- Risk of Serious Symptomatic Bradycardia When Coadministered with Amiodarone: Amiodarone is not recommended for use with Harvoni due to the risk of symptomatic bradycardia, particularly in patients also taking beta blockers or with underlying cardiac comorbidities and/or with advanced liver disease. In patients without alternative, viable treatment options, cardiac monitoring is recommended. Patients should seek immediate medical evaluation if they develop signs or symptoms of bradycardia.
- Risk of Reduced Therapeutic Effect of Harvoni Due to P-gp Inducers: Rifampin and St. John’s wort are not recommended for use with Harvoni as they may significantly decrease ledipasvir and sofosbuvir plasma concentrations.
- Related Products Not Recommended: Harvoni is not recommended for use with other products containing sofosbuvir.
Most common (≥10%, all grades) adverse reactions were fatigue, headache and asthenia.
- In addition to rifampin and St. John’s wort, coadministration of Harvoni is also not recommended with carbamazepine,oxcarbazepine, phenobarbital, phenytoin, rifabutin, rifapentine, and tipranavir/ritonavir. Such coadministration is expected to decrease the concentration of ledipasvir and sofosbuvir, reducing the therapeutic effect of Harvoni.
- Coadministration of Harvoni is not recommended with simeprevir due to increased concentrations of ledipasvir and simeprevir. Coadministration is also not recommended with rosuvastatin or co-formulated elvitegravir/cobicistat/emtricitabine/tenofovir disoproxil fumarate due to increased concentrations of rosuvastatin and tenofovir, respectively.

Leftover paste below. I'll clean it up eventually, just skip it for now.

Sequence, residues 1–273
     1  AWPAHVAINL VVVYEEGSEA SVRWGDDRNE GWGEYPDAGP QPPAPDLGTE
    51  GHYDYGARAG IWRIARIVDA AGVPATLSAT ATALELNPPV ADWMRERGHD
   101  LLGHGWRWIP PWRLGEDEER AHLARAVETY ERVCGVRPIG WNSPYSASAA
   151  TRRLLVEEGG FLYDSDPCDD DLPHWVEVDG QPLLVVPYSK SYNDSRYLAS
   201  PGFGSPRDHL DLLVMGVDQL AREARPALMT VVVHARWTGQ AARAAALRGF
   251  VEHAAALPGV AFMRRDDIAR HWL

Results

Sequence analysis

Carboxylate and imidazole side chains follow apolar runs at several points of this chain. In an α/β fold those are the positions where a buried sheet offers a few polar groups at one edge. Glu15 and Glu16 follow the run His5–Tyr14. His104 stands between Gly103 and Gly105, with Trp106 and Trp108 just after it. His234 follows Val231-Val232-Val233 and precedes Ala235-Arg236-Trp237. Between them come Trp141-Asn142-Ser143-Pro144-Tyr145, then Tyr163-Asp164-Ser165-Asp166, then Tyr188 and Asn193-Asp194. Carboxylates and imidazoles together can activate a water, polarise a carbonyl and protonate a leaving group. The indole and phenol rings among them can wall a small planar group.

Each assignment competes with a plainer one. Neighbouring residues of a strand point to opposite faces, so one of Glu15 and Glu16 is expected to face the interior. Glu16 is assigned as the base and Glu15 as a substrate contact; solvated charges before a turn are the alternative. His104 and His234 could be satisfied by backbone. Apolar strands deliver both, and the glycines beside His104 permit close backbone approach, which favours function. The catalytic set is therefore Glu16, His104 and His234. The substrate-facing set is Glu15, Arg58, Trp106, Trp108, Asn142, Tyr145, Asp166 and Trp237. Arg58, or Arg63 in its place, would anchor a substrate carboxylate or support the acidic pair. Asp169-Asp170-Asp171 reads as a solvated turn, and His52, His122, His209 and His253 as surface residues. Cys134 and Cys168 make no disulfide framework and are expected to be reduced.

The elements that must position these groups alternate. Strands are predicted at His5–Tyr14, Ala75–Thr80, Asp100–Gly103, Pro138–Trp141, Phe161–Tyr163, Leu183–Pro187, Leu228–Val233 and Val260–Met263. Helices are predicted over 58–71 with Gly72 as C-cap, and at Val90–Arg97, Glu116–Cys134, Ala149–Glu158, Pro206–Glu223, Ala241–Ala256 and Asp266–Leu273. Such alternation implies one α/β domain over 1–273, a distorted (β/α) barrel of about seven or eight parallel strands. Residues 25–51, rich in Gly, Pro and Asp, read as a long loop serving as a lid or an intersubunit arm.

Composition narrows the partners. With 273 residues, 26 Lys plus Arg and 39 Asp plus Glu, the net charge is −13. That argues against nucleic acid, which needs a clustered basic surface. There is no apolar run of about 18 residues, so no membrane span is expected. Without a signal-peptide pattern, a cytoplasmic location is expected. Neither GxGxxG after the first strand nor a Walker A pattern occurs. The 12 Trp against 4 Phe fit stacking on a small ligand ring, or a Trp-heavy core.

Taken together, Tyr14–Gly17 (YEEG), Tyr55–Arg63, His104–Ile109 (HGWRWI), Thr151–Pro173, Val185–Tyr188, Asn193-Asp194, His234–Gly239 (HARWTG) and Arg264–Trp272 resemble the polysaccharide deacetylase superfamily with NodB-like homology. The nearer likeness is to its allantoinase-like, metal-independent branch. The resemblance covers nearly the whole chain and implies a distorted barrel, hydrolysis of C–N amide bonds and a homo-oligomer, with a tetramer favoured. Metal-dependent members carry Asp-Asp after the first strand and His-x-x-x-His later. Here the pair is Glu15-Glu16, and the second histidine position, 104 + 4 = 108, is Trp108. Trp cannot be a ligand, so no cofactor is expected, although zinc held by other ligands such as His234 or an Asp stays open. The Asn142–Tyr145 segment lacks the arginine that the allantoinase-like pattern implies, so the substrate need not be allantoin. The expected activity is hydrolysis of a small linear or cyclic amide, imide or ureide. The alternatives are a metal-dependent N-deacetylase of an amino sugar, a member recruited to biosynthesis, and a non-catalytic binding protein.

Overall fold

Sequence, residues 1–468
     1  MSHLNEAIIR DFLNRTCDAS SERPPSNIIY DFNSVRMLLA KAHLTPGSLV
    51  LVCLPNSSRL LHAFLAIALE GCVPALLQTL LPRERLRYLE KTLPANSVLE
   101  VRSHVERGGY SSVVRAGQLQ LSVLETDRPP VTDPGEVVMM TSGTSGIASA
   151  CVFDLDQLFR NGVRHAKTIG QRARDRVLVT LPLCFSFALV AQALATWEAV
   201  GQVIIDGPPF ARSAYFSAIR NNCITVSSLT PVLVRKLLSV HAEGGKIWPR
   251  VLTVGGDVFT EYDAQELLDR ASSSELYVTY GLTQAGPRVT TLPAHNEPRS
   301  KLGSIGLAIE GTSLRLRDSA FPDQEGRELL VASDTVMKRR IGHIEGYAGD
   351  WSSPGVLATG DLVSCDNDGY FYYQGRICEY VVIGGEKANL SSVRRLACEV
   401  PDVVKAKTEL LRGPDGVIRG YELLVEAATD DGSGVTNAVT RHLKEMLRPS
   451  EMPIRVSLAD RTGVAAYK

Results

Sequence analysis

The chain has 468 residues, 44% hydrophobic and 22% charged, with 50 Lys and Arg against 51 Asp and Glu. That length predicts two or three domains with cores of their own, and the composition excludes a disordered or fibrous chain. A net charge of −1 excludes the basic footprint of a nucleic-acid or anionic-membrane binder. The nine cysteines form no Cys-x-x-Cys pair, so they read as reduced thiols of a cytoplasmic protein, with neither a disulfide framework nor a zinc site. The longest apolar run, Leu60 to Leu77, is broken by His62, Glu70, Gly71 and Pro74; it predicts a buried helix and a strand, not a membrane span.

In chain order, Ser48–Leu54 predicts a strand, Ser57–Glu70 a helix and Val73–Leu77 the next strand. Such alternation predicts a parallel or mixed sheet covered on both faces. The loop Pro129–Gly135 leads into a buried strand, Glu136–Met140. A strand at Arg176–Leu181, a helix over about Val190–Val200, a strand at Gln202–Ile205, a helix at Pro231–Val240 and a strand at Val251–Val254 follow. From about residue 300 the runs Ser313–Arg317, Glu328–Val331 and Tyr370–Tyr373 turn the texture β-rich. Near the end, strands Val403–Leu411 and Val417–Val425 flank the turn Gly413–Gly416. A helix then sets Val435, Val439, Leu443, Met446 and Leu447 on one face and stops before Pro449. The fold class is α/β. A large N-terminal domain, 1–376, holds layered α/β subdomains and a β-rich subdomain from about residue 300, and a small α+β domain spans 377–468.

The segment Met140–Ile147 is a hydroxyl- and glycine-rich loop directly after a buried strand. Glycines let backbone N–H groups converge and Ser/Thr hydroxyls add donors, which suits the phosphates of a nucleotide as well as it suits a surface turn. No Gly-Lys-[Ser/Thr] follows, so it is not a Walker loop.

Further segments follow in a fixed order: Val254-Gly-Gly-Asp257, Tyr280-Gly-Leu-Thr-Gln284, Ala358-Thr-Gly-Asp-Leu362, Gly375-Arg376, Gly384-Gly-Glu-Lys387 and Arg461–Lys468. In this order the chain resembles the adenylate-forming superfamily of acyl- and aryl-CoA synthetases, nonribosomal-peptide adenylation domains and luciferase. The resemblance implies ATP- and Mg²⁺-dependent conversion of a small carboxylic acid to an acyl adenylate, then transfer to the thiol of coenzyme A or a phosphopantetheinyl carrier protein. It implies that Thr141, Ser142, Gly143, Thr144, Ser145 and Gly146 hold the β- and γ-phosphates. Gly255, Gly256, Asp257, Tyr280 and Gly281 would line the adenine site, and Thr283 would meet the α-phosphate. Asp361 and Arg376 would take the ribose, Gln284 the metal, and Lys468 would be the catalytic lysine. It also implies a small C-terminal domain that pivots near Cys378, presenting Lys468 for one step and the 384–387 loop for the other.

Consult the full Prescribing Information for Harvoni for more information on potentially significant drug interactions, including clinical comments.
About Gilead Sciences
Gilead Sciences is a biopharmaceutical company that discovers, develops and commercializes innovative therapeutics in areas of unmet medical need. The company’s mission is to advance the care of patients suffering from life-threatening diseases. Gilead has operations in more than 30 countries worldwide, with headquarters in Foster City, California.
This press release includes forward-looking statements within the meaning of the Private Securities Litigation Reform Act of 1995 that are subject to risks, uncertainties and other factors, including the risk that physicians may not see the benefits of prescribing Harvoni in special patient populations with HCV infection. These risks, uncertainties and other factors could cause actual results to differ materially from those referred to in the forward-looking statements. The reader is cautioned not to rely on these forward-looking statements. These and other risks are described in detail in Gilead’s Annual Report on Form 10-K for the year ended December 31, 2016, as filed with the U.S. Securities and Exchange Commission. All forward-looking statements are based on information currently available to Gilead, and Gilead assumes no obligation to update any such forward-looking statements.
U.S. full prescribing information for Harvoni, including BOXED WARNING, is available at www.gilead.com.
Harvoni is a registered trademark of Gilead Sciences, Inc., or its related companies.
For more information on Gilead Sciences, please visit the company’s website at www.gilead.com, follow Gilead on Twitter (@GileadSciences) or call Gilead Public Affairs at 1-800-GILEAD-5 or 1-650-574-3000.
Source: Gilead Sciences, Inc.